Arabian horses are known for the strong bonds they form with their caretakers. Lashay Arabians’ owner, Lisa Park, can attest to that fact. Throughout her 22 years of horse training and riding, she always has cared for loving arabian steeds, and her stables house a number of arabian and arabian-mixed mounts. Flower, Lisa's 24-year-old mare, has been with her since before she began her career leading lessons of riding and jumping, and to this day still takes kids for trots around the farm while neighing about her favorite episode of Cheers.
Along with fellow trainer Leslee Pugh, Lisa leads lessons for students of all ages and skill levels that teach the art of horsemanship, from recreational riding to national-level showing to jumping and dressage. The team also assists riders in need by coaching them during events, transporting horses to and from locations, and leasing horses to those who want to ride more but are not ready to buy their own mount.
Vista Farms’ equestrian experts edify saddled-up students ages 5 years and older on the basics of horse handling. At a private, one-hour lesson (a $35 value), mounties can bring their own horse or ride 1 of up to 10 on-site horses, building a new relationship through relaxed strolls and trading favorite novels. Head trainer Lisa Park focuses on building trust between horse and rider, providing a rundown of natural horsemanship skills and national-level showing techniques, and getting maximum height and distance out of built-in ejector saddles.
Benjamin Allen believes outdoor pursuits can positively influence those in need. This belief has led him all over the continent, building a ropes course for an orphanage in Mexico and setting up two courses for troubled youth at Provo Canyon School, a bit closer to home. Wanting to share his knowledge of nature with the public, he set up a course, CLAS Ropes Course, near Utah Lake nearly 20 years ago. Benjamin and his crew have since erected more than 50 ropes courses around the country, continuing to inspect ropes and train others how to run them.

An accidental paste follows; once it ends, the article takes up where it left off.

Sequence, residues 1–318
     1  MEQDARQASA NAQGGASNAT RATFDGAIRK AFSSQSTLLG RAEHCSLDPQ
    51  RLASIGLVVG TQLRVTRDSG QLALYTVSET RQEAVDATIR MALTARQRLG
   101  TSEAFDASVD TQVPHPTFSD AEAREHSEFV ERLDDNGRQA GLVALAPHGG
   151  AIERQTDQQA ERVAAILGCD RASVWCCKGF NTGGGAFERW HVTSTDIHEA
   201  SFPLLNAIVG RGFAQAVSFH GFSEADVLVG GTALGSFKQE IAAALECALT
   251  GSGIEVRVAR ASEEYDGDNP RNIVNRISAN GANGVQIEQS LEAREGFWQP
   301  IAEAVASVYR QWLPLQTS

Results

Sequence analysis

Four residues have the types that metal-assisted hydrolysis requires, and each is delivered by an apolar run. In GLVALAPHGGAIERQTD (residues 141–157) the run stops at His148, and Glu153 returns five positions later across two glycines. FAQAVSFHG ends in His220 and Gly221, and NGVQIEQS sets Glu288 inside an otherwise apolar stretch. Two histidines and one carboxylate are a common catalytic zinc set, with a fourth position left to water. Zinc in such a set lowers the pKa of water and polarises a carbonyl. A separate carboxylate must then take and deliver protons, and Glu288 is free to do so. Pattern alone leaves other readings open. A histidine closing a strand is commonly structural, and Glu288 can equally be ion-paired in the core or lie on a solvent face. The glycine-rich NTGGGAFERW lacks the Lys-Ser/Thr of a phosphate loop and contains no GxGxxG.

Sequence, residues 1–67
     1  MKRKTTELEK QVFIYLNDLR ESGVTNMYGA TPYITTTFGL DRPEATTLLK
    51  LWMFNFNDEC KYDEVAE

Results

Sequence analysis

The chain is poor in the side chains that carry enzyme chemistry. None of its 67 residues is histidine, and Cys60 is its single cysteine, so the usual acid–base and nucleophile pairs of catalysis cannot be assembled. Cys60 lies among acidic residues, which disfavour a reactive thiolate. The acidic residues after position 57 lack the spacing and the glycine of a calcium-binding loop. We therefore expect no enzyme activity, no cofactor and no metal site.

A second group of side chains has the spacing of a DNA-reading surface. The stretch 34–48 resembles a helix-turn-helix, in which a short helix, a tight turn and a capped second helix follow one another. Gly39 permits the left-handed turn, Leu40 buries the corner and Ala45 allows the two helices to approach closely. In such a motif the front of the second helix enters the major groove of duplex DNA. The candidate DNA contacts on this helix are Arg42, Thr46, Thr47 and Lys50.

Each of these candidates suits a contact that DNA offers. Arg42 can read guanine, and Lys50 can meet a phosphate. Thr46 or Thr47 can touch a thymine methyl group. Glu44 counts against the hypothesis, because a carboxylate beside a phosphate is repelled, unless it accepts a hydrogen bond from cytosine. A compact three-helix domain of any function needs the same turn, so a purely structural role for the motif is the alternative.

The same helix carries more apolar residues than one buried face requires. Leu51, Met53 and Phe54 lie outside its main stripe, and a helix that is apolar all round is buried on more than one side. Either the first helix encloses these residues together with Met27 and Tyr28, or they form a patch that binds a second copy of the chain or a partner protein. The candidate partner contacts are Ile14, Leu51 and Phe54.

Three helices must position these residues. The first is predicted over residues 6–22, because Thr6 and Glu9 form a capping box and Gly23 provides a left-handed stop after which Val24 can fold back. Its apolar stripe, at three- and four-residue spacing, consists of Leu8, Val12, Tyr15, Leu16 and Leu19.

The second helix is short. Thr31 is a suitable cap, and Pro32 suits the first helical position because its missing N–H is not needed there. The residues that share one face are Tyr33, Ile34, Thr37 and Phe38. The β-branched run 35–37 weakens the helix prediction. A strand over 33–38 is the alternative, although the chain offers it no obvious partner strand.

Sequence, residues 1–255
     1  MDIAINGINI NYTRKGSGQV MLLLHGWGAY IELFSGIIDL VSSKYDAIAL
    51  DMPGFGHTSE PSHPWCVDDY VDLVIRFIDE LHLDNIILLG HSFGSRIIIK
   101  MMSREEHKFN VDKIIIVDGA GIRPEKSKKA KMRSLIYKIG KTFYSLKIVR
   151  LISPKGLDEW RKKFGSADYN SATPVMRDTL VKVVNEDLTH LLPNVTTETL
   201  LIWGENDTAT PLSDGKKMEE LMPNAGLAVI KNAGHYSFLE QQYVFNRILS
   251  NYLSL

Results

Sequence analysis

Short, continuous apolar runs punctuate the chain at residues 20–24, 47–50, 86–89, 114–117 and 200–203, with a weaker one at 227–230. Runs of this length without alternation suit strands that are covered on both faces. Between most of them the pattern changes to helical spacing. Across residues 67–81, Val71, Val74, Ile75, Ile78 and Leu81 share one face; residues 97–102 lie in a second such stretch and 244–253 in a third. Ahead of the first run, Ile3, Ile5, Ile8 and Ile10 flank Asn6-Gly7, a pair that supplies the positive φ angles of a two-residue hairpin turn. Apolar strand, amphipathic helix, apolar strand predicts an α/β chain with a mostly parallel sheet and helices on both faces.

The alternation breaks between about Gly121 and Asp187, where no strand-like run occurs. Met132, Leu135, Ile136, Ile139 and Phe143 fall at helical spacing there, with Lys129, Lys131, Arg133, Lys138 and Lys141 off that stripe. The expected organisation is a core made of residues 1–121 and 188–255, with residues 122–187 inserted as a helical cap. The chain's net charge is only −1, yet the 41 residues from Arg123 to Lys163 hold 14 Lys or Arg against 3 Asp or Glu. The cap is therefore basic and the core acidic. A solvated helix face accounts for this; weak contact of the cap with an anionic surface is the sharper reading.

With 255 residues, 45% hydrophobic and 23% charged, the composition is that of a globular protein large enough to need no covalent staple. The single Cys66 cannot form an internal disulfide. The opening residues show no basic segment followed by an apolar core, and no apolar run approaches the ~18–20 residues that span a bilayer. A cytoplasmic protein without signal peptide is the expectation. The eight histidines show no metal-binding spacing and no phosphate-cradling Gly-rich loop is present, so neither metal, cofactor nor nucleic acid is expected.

CLAS Ropes Course continues to grow each year, creating obstacles such as a giant swing that releases passengers 40 feet in the air, a 400-foot zipline that whizzes through forest canopy, and a "leap of faith," where adventure seekers jump from a treetop platform to a trapeze. A log balance beam hung 30 feet above the ground and a 24-foot-tall rock-climbing tower test agility and endurance, and a fleet of 20 canoes lets paddlers navigate a mile and a half of river. Many of these structures play host to team-building activities focused on developing a group's creativity and tolerance for hearing one another sing. Staff members tailor their instruction to families, dating groups, or athletic teams. They often apply their approach to athletes, such as a professional golfer who traveled all the way from Texas hoping to conquer her fear of not qualifying for tournaments. She defeated the log balance beam, departed victorious, and qualified during her next tryout two weeks later.